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My Sister Likes Girls and Does Not Return for My Mother’s Fiftieth

Tawanda Mulalu

Months after I hadn't had my first oyster
before I came to America. My sister in Canada now

where it starts snowing soon. Things I haven’t seen
keep cropping up. Movies are colonialism

and I’m such a dutiful director, swerving cameras
around oceans I hadn’t had before. Flying in

I’ll ignore the masses of land
locking home. I’ll wait for the next flood

to take us once we finish ballooning the sun
and her hot response to our earthly gassiness—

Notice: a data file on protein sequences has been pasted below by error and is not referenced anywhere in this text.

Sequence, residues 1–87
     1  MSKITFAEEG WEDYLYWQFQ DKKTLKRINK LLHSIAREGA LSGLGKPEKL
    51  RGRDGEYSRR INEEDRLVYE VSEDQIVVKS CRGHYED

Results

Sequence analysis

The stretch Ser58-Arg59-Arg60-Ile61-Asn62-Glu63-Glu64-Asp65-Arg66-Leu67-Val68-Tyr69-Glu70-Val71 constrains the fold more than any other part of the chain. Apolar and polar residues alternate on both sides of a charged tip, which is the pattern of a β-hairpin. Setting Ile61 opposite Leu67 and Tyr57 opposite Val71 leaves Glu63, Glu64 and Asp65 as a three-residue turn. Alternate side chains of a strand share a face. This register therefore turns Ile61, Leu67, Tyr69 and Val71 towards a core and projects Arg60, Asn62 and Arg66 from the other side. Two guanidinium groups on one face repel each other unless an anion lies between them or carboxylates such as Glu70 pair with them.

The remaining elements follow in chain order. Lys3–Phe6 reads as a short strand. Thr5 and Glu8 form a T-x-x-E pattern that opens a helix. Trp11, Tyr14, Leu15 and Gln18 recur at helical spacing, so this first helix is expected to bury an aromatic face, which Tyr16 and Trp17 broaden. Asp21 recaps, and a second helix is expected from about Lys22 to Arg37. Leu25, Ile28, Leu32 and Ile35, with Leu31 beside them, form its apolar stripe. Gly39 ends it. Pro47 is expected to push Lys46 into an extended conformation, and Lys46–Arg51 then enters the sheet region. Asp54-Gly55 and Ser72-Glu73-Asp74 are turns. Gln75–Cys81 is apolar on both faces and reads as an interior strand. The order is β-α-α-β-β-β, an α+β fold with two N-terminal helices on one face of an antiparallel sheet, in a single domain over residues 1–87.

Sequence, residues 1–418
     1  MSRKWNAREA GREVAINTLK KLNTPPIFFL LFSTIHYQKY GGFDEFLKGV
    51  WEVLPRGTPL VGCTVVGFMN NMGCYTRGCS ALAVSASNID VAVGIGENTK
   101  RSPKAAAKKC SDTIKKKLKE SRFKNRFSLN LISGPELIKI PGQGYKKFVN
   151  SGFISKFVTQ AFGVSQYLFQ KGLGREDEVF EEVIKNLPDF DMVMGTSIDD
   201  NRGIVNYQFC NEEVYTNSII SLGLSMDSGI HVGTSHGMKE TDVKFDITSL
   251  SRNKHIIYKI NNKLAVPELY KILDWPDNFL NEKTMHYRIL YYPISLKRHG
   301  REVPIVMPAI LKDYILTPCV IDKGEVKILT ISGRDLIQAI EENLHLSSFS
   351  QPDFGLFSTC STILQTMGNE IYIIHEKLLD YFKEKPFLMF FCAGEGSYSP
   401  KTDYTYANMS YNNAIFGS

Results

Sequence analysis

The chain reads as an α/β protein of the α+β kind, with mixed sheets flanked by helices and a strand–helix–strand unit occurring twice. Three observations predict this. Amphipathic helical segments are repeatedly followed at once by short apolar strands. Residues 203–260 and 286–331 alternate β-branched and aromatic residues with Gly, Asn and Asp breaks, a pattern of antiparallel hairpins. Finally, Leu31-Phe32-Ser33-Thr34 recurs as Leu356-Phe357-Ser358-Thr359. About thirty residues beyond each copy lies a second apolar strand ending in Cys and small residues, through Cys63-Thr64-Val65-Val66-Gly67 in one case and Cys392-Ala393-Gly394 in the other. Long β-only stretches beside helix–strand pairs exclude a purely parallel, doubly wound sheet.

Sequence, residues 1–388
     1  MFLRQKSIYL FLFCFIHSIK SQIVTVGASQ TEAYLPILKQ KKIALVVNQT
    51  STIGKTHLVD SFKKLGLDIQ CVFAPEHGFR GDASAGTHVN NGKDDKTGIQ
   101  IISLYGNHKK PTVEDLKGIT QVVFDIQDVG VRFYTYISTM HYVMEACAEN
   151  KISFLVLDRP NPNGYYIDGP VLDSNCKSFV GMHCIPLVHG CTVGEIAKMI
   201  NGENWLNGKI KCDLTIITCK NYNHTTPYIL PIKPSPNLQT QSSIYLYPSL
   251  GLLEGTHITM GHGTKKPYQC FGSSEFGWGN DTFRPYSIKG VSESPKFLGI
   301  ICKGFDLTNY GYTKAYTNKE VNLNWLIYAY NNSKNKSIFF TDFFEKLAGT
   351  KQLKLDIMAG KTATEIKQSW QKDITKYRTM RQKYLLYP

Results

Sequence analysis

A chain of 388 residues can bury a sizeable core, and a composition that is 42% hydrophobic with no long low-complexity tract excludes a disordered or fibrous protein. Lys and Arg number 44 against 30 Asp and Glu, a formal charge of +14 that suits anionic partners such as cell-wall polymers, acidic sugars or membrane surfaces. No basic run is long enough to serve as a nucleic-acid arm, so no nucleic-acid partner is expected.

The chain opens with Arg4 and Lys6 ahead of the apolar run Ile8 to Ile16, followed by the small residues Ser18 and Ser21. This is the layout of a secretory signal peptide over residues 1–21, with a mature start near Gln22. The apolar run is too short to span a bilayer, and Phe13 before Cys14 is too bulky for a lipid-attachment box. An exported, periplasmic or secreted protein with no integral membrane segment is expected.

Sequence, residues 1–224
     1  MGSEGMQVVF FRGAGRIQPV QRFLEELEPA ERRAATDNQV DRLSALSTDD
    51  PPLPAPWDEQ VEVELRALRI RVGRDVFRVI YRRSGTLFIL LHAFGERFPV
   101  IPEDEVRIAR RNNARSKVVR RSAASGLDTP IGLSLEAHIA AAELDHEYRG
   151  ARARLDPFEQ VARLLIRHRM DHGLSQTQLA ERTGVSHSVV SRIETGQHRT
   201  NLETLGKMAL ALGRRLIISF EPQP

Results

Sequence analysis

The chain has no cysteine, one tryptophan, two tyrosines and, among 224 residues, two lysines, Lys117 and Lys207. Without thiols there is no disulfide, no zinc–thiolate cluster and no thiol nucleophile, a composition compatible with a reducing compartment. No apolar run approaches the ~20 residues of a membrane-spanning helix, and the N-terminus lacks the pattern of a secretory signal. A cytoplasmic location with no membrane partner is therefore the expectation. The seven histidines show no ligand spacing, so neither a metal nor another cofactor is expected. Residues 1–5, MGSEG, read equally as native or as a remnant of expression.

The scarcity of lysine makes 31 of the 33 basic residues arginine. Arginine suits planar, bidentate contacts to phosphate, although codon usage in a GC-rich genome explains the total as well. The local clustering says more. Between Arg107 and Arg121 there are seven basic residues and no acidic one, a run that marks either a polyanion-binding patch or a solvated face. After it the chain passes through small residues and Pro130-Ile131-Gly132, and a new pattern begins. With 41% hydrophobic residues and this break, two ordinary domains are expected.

I haven’t seen polar bears either yet. My sister
posts pictures of herself

swimming through snow
and the melting goes slow as it can.

Every day I wake waiting for water
as if I’m still home as if my ancestors are still

praying for something as so simple as myself
walking across the river here thinking

when. I’ll jump into it in sheer drunken
blaze. My sister had graduated.

My phone’s wet. My parents buzz.
The leaves are red

and falling now. Hadn’t seen that
before either. I’m always surprised by rain.


About the author

Tawanda Mulalu was born in Gaborone, Botswana. His first book, Please make me pretty, I don’t want to die was selected by Susan Stewart for the Princeton Series of Contemporary Poets. He lives in Austin, where he is a fellow at the Michener Center for Writers.

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